Tuesday, September 28, 2010

Are Open Source Developers More Satisfied in Their Jobs?

There is a very interesting conversation that has been taking place on the Apache mailing list over the last week. Grant Ingersoll is trying to collect feedback from engineers that either develop or utilize open source software. He is interested in learning whether or not they are happier in their position than engineers that are working with closed sourced software. Therefore, do open source engineers gain more satisfaction from their accomplishments? Do they have a feeling of contributing to the greater good? As a result, are they more engaged than their counterparts working with closed source software? It is a very interesting question to say the least. And, one that companies should pay attention to in the recruitment and retention of their employees.

One of the responses that summed it up best was from Michael McCandless. Ultimately, he stated that even though he has worked with both open and closed source software, he inherently felt greater satisfaction from his work with open source software. He went on to post a link to a YouTube video that puts together a nice illustrated story of why people that contribute to open source software are more satisfied in their job. It is very entertaining, and the artist is quite good.

Ultimately, I concur with the videos assessment. If you empower your employees and their work results in assisting other people achieve a goal, it is an uplifting experience for the developers. It becomes a commitment as opposed to a job. The end result is more satisfied employees that contribute to a successful organization.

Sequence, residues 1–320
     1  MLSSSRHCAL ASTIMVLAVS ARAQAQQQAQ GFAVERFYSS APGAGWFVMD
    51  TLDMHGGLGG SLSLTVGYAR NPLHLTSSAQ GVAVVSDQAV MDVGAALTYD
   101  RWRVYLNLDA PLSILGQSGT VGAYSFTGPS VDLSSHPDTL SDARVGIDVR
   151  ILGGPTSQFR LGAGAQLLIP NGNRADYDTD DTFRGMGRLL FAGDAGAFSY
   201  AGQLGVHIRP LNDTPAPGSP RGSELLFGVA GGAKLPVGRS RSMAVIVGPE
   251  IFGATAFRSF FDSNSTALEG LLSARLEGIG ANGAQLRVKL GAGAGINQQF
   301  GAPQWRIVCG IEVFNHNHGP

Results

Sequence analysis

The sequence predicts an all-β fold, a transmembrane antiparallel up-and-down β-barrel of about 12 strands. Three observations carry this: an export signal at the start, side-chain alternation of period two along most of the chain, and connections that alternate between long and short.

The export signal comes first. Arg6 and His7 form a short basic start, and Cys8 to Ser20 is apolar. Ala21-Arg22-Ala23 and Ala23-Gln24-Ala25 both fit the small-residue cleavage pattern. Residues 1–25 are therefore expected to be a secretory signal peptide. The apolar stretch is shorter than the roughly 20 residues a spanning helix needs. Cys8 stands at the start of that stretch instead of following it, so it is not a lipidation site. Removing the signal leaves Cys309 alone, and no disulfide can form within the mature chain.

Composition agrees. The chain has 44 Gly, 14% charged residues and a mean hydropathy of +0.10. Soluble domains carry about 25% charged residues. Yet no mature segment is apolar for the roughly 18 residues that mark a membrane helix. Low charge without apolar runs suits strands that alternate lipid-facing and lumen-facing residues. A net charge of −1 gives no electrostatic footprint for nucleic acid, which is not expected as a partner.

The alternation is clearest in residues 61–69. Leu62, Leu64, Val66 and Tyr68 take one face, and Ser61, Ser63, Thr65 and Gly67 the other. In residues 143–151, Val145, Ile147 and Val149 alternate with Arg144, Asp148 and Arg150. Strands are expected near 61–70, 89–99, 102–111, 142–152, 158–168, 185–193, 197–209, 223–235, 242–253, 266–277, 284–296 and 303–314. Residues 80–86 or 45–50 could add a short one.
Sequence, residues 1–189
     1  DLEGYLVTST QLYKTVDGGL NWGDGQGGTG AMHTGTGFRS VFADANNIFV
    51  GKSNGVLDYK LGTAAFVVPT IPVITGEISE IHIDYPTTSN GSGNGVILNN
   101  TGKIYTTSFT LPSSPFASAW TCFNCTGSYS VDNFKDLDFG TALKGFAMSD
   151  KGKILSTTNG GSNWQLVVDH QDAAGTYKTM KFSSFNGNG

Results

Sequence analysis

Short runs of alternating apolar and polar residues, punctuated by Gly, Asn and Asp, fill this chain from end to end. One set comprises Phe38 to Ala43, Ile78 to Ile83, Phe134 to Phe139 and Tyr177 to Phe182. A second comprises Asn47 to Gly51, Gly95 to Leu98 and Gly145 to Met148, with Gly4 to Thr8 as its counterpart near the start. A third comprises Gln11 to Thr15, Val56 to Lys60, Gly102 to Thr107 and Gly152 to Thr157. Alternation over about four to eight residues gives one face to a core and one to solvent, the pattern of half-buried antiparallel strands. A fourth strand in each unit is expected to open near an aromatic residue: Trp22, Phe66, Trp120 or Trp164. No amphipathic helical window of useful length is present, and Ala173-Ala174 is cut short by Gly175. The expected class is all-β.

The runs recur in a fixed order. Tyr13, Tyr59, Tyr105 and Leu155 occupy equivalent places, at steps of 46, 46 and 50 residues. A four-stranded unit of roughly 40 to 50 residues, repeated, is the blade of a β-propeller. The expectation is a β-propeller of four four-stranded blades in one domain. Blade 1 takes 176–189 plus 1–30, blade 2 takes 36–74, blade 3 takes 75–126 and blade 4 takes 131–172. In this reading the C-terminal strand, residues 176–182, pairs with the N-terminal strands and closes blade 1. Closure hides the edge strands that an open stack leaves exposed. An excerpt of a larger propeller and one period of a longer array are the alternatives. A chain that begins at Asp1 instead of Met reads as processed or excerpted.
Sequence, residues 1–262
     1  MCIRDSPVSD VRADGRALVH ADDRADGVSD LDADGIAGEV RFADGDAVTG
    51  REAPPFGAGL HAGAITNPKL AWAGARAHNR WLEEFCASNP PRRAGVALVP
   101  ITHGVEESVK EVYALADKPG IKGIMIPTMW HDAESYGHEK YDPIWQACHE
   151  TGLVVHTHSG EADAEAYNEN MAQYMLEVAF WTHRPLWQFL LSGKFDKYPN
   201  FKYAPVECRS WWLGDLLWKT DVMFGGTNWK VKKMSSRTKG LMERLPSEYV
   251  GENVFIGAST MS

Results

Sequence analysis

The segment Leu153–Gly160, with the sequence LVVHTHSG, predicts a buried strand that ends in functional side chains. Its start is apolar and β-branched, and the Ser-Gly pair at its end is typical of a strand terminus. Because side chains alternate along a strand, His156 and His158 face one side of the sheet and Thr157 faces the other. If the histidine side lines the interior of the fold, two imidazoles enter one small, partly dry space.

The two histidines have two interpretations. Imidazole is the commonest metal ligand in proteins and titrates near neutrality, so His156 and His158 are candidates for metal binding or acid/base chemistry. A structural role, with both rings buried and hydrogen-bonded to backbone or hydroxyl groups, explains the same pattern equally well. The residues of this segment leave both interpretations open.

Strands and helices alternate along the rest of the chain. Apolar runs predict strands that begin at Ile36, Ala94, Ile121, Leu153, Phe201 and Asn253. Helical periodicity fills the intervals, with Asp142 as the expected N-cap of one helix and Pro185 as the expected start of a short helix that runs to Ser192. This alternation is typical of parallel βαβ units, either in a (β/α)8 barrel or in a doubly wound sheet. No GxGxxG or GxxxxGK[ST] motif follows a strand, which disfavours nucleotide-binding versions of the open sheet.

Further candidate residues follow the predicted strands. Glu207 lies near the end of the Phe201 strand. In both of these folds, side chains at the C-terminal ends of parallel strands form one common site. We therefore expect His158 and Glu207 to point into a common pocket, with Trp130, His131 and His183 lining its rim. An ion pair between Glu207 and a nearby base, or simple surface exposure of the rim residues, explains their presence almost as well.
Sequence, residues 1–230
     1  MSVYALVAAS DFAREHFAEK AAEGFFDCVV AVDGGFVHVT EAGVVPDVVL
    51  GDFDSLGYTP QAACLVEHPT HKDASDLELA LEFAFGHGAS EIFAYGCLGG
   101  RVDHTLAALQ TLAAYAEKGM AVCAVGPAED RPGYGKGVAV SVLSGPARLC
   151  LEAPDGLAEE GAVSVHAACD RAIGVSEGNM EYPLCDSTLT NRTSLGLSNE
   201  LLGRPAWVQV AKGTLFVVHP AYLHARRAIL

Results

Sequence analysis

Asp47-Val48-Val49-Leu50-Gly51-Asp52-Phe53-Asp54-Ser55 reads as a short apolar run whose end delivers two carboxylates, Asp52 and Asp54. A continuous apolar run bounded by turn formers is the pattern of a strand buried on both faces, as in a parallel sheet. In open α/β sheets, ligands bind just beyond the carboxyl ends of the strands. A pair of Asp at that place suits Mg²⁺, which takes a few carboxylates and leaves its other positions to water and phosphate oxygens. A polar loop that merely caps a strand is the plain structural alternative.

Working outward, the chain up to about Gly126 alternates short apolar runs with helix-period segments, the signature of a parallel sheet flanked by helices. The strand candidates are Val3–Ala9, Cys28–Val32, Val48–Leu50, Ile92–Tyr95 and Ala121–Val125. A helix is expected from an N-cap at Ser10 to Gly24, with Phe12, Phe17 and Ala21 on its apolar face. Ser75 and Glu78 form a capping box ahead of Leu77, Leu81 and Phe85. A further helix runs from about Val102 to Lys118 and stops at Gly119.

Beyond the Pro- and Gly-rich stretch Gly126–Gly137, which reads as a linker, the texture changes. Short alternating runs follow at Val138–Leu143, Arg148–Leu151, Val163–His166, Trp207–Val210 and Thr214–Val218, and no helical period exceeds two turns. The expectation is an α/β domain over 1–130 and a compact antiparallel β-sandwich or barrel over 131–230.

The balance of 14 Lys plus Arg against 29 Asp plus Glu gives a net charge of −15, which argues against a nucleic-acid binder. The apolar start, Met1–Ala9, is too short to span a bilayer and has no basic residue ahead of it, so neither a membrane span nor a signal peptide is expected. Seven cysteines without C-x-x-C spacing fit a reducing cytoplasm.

Wednesday, September 15, 2010

Staffing Firms Lose H1-B lawsuit

I had written a post about this lawsuit when it was first filed. It appears that these technology staffing firms have lost their battle to continue utilizing H1-B visas for contract work that they have available. A full update of the ruling can be found here.

This ruling will play a significant role for the future of contract staffing. What will happen with the positions that these contractors have to vacate? Will they be filled by U.S. citizens or Green Card holders? Will the positions move offshore so the current contractors can continue in their positions? It would be very interesting to know the end result.

As much as I disagree with the way that some of these consulting firms have operated, whereby they take up the allotment of H1-B visas without having suitable work for each visa participant; I am also fearful of another wave of positions potentially moving offshore. And, the possibility exists of losing much needed technical workers that prefer to remain in the United States. I know this can be a sticky subject depending on which side you fall on, but it goes without saying that in future years we will need to continue to import talent that we lack internally in the United States.